Yes, it's necessary. The runtime system of Erlang is written in C, and most of the standard library is written in Erlang.
What's the reasoning behind it?
What would be the alternative? In order to execute any Erlang code, you need to have the runtime system already started, and so it can't be written in Erlang. It could be written in:
C++ or some other language
Erlang could be executed without a runtime
Assembly is obviously a bad choice: you'd have to rewrite it nearly completely for any new CPU target and it would be much harder to maintain.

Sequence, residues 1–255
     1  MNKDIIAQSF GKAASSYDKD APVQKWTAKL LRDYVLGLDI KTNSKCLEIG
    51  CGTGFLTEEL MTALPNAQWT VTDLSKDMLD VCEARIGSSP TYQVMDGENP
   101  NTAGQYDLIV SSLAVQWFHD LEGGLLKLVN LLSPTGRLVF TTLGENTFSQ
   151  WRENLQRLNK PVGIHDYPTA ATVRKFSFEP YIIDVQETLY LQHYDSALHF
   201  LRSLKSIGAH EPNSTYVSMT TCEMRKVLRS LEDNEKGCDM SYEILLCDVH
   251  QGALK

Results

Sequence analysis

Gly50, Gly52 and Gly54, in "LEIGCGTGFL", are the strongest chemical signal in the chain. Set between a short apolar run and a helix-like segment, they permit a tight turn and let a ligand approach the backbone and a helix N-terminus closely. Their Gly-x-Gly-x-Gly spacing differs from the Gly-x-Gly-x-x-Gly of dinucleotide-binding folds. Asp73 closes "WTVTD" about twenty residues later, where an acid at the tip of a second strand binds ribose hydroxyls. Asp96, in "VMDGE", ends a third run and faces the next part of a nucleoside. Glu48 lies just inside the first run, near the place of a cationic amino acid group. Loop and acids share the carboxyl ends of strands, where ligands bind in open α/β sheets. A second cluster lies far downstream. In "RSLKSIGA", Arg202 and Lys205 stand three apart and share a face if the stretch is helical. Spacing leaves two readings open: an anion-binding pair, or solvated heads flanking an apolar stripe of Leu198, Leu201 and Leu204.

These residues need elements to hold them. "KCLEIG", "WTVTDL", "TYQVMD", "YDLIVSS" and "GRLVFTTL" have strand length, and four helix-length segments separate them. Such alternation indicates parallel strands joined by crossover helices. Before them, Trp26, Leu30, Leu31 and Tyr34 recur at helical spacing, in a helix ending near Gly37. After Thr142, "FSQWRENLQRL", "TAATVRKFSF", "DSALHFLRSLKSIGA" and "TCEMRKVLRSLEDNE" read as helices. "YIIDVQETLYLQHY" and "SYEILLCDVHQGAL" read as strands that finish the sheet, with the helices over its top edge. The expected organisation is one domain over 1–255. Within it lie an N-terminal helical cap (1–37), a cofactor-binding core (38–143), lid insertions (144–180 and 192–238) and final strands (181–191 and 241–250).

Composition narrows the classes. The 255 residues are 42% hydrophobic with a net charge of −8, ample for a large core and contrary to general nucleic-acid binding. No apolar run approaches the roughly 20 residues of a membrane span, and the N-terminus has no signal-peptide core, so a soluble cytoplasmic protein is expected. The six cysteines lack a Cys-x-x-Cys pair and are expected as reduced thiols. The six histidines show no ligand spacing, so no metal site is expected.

C provides excellent performance and portability, and ability to call C code from Erlang would at any rate be required. This is the choice made not only by Erlang, but by Python, Ruby, Perl, etc. as well.
C++ complicates portability (some OSes have C compilers available, but not C++ compilers; quality of C++ compilers varies more); other languages even more so (along with performance, possibly requiring their own runtime, etc.).
The final option would make Erlang a completely different language.